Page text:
For Photographers

Last month I released my free eBook – 5 Ways to Grow Your Business in the Off-Season. As the off-season comes to a close, I knew I wanted to highlight and expand on one of the tips shared in the book and hope this post will serve your business well. Without further ado…

Can I ask you a question? When was the last time you updated your website portfolio?

Up until our new website and brand was launched this past October, our portfolio hadn’t been updated in over 2.5 years. 2.5 years, y’all. Not good. What was meant to be a place for potential clients to view the very best of our photography was outdated, inconsistent and in some cases, subpar. We certainly weren’t maximizing our opportunities to attract and book new clients. Not good.

As fast as the world is moving and with as many options as there are for everything as a consumer, research shows that we have mere seconds to make an impression to keep a visitor on our website that will hopefully lead them to  click the “inquire” button. Seconds. It is highly important that we are putting our very best foot forward in our professional online identities. Our website portfolios need to be current, polished and intentionally curated to attract and book new clients that want what we have to offer.

So, why is it that we don’t make regular updates to our portfolio? Most of the time, it’s simply due to the fact that it’s tedious and taxing. It can be difficult to pare down our images and the process seems to take forever.

Today, I’ve got three steps for you to take to do the work now before you let another shooting season pass you by.


1. Evaluate Current Portfolio

Go to the portfolio section of your website. Are there any images that make you get that pit in your stomach/cringe feeling? Remove those ones right off the bat.

From there, go through each image in your current portfolio and ask yourself the following questions:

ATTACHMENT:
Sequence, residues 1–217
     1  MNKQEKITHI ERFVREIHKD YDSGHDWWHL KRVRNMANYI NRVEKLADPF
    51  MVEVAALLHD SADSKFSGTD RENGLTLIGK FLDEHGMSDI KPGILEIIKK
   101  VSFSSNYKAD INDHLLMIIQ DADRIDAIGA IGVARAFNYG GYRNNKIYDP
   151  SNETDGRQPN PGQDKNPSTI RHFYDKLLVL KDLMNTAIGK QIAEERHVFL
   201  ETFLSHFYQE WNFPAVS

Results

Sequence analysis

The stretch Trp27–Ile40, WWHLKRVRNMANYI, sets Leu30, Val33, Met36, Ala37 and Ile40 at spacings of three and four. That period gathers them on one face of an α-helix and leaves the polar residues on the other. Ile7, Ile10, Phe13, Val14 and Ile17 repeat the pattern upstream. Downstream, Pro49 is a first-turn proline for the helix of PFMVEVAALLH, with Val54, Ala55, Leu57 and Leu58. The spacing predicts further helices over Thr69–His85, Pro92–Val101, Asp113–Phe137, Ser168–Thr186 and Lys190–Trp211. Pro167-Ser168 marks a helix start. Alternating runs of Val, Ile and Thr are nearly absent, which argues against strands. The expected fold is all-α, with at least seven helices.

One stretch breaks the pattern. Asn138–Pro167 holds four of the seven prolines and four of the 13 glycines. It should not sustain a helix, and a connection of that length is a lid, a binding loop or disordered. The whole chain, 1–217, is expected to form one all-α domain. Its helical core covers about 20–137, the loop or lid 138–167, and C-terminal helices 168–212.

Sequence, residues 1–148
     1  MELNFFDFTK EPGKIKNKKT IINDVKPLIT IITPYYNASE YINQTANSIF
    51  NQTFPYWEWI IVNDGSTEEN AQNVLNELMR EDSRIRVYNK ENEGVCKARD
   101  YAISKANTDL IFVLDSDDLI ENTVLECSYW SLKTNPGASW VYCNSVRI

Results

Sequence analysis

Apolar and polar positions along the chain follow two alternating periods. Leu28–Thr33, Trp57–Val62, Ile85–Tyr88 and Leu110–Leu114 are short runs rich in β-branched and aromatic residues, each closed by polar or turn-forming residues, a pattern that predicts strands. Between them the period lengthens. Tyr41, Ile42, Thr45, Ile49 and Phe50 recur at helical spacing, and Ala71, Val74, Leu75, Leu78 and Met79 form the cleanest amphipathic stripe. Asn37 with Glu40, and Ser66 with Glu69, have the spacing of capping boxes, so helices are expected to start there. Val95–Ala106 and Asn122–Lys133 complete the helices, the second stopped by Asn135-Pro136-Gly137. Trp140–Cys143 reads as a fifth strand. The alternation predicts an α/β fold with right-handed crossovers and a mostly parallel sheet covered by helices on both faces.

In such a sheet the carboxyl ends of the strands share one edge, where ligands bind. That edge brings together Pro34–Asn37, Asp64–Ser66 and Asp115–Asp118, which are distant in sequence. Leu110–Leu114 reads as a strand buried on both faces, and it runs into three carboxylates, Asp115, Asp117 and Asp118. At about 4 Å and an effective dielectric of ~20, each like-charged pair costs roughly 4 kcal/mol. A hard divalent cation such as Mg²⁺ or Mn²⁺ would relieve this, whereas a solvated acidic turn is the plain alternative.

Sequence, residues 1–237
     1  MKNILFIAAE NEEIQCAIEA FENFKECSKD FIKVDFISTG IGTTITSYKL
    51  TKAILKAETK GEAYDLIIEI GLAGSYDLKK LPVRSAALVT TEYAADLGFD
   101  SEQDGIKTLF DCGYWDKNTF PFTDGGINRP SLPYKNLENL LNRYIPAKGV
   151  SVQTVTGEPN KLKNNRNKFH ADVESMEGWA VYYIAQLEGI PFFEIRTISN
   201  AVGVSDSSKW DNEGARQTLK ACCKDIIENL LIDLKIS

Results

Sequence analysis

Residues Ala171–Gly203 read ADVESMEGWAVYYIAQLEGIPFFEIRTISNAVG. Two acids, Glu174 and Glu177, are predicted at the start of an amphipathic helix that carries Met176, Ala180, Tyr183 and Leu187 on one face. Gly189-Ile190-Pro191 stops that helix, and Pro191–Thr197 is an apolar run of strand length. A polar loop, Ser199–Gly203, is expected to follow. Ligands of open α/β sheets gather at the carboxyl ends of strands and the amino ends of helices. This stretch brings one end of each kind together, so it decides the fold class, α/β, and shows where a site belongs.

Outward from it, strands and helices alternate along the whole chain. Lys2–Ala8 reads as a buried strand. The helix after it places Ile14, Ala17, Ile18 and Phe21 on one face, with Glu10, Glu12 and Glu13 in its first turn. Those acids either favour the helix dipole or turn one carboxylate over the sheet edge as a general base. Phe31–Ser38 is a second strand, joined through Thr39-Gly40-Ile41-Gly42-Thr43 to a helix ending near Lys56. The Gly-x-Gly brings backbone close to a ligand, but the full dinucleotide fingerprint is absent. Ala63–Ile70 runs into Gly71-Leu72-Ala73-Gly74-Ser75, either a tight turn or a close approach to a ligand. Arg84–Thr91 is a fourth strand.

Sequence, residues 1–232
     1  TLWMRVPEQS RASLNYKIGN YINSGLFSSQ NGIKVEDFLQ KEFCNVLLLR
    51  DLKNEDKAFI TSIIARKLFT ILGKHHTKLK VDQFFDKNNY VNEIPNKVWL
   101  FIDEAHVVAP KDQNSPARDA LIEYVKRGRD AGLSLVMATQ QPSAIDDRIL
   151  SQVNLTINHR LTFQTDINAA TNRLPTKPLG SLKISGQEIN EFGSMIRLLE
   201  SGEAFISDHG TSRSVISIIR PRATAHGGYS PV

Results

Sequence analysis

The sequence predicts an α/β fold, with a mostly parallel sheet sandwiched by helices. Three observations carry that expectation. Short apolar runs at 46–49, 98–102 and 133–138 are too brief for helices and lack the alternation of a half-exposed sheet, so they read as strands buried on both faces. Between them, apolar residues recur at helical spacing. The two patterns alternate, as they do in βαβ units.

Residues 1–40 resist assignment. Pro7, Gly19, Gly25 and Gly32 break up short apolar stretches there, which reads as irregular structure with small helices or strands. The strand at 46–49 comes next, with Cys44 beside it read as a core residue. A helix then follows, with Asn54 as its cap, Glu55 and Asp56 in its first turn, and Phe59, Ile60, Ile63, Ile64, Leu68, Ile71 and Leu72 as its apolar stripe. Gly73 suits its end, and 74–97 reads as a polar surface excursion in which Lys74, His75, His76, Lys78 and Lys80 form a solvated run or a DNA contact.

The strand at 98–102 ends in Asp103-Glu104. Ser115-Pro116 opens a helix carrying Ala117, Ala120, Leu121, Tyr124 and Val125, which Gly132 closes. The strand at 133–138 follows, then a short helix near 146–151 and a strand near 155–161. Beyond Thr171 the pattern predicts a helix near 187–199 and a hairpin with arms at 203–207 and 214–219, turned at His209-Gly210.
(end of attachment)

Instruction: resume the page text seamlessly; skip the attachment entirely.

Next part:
+ Is this image consistent and representative of my current shooting and editing style?

If your editing style has changed since your last portfolio update, you will need to locate the original image to do a re-edit.

+ Will this image attract my ideal client?

If your ideal client likes bright and airy imagery in outdoor ceremony venues, you probably won’t want to include that shot of a past wedding photographed at a dark and dramatic church…even if it’s a really great photograph.

+ Do I love this image and believe that it has “the wow factor”?

You probably have at least a handful of photographs in your portfolio that you feel good about and that you are proud of. Even so, those images don’t belong in a portfolio, friend. You need to absolutely love each and every photograph you include on your website and you yourself be “wowed” when you look at it. Be ruthless as you make your selections!


2. Curate Recent Work

After you have decided on the images to both keep and remove in your current portfolio, it’s time to move on to including your most recent work.

Rather than going back through full folders and galleries of past sessions and weddings, a good place to start pulling favorite images might be on your blog or in your Facebook albums if you keep either of those current. After making your initial selections, you’ll want to answer the same three questions above to further curate your portfolio.


3. Develop a System to Streamline the Process

To make things easier on yourself going forward, create a folder on your computer for “Portfolio Selections” that you can drop a handful of your favorites from each session or wedding that you photograph from here on out. Making future portfolio updates won’t be so tedious the next time around!



Bonus Tips For Your Portfolio Update

  • To avoid making selections based on emotional attachment to any given image, you might consider asking a few good friends to take a look through your updated portfolio to give you some unbiased feedback.
  • The images you choose for your homepage and/or the very first ones that appear in your portfolio should be THE best of the best.
  • If you were like me and hadn’t made a portfolio update in nearly three years, this will likely feel like an extra daunting process. Instead of looking back through all of your work since you last updated, just focus on the past 3-6 months. Get some fresh work up immediately and then you can decide if you have more time and energy to include additional past work.
  • Less is more. I like to keep my portfolio lean, showcasing around 40-60 images per sub-gallery (i.e. weddings, engagements, bridals).


If you would like to receive the remaining four tips in my free eBook 5 Ways to Grow Your Business in the Off-Season, just click right here to do that. 🙂

Also, if you have a photography or business related question you would like for Cheyenne to answer for a future blog post, you can submit that here.

Cheyenne Schultz

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